If we take these definitions together and extract all sleep-defining information, we get a list of sleep characteristics like this one.
- unresponsiveness to outside stimuli
- eyes are closed
- the body doesn’t move or is paralyzed
- usually occurs at night
- usually lasts for several hours
Putting all these into one, we could make a unified definition:
“sleep is a natural reversible process of rest, typically occurring every night and lasting for several hours, in which an individual is of limited consciousness and unresponsive to outside stimuli, with the eyes closed and a relaxed body; a process during which predictable and complex changes occur.”
Sleep is characterized by many things, scientists can observe sleep stages, physiological changes, mental aspects, and others. We can also discuss how much sleep we should get or wonder what the purpose of sleep is.
Our sleep can be divided into four stages that repeat cyclically throughout the night. Each cycle lasts for about 90 minutes.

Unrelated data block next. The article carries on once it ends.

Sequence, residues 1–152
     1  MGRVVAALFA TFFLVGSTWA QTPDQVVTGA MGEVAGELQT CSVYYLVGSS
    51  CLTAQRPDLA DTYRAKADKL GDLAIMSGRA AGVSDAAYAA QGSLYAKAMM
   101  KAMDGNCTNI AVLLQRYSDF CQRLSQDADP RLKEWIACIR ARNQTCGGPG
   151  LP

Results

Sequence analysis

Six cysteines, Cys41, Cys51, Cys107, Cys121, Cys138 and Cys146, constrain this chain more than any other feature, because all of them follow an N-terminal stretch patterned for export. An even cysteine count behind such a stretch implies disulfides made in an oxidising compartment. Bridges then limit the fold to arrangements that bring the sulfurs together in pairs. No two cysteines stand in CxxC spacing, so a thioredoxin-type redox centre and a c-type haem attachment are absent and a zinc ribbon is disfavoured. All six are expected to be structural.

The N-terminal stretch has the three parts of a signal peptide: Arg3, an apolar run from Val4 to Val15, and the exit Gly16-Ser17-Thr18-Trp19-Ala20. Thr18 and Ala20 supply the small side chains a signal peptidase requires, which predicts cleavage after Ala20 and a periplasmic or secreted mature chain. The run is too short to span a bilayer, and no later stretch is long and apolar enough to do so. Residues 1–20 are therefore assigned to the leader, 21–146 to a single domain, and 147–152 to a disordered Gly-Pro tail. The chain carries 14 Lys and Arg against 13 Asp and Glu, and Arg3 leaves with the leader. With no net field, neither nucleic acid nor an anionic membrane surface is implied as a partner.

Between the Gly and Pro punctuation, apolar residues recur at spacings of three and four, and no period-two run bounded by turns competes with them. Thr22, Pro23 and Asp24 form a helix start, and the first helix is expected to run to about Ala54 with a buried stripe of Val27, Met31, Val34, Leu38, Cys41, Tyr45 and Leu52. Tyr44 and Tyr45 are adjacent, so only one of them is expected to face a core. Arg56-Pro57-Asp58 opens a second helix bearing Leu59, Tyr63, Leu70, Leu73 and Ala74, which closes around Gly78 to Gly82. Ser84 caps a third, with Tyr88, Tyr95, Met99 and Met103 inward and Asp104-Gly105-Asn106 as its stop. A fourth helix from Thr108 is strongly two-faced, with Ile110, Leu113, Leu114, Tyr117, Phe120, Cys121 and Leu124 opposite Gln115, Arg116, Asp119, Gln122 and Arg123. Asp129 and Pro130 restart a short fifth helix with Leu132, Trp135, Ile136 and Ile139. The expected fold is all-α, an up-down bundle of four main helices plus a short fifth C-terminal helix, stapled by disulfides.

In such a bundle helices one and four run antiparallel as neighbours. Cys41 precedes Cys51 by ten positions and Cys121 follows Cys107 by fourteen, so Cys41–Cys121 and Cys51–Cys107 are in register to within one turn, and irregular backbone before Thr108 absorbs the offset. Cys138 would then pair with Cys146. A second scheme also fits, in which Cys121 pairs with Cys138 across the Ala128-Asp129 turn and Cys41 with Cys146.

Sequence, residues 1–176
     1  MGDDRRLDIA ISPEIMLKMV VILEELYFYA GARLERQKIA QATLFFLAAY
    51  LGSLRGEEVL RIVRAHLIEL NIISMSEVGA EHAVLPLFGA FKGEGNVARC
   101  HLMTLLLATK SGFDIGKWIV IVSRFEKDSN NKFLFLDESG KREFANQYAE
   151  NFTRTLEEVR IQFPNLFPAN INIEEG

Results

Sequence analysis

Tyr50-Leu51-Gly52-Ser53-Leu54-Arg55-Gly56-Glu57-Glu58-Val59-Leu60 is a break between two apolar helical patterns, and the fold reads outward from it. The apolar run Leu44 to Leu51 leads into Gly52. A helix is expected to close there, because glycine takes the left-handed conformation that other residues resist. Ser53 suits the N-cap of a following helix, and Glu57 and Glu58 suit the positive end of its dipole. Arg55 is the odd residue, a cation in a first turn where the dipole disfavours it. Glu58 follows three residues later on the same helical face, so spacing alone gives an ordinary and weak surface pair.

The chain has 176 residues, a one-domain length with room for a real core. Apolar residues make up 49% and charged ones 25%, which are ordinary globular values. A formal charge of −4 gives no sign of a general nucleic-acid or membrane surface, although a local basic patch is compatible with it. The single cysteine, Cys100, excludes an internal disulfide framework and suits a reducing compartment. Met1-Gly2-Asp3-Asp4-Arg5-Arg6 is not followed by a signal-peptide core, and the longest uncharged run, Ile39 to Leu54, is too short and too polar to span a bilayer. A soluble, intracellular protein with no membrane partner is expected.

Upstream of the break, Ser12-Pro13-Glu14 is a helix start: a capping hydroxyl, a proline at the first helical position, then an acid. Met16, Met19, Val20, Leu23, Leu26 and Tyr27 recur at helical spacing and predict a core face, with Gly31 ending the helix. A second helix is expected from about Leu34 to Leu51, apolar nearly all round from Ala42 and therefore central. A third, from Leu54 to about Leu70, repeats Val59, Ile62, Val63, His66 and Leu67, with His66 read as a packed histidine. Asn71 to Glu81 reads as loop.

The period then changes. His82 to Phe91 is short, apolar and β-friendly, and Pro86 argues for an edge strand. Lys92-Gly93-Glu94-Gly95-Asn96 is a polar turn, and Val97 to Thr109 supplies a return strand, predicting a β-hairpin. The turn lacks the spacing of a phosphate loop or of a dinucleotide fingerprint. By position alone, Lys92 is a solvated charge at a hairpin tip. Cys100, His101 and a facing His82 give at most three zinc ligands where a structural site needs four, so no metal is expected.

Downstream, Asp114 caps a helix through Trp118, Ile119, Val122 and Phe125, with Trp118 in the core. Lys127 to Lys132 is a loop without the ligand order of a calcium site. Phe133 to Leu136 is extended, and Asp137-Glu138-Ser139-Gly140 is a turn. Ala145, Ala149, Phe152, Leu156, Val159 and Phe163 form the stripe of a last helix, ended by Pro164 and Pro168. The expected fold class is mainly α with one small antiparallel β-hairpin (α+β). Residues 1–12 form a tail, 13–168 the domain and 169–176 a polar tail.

The four stages are stage 1 and stage 2; which make up light sleep, slow wave sleep (deep, restorative sleep) and REM (rapid eye movement sleep). Therefore, there are three non-REM stages and one REM stage. Each of these stages is characterized by different brainwaves, body temperature, and level of responsiveness to outside stimuli. Adults spend most of their sleep in stage 2, whereas children have a lot more deep sleep, because, during deep sleep, the human growth hormone is released.
As our bodies are physically inactive during sleep, our heart rate drops and blood pressure decreases, breathing slows down, core body temperature gets lower, and brain activity changes.
As we are the most detached from reality during deep sleep, our body is the ‘calmest’, breathing the slowest and temperature the lowest. However, in REM sleep, all these physiological aspects change, as we start getting vivid dreams and get emotionally involved, our heart rate increases, eyes move rapidly and all functions increase – except for the body muscles, which are paralyzed to prevent us from enacting our dreams and potentially hurting ourselves.
While we are in non-REM (NREM) sleep, our brain produces a certain type of waves called sleep spindles. They serve many functions, one of which is distorting the outside stimuli such as noise so that we are not woken up easily. When a slight change around or to us happens, spindles occur as a reaction, and less of the stimuli actually reaches our auditory, visual or motor cortex. If a stimulus is too strong, we will wake up. This is how spindles help us have tight sleep. They also help in memory consolidation – remembering and forgetting, and in young brain development.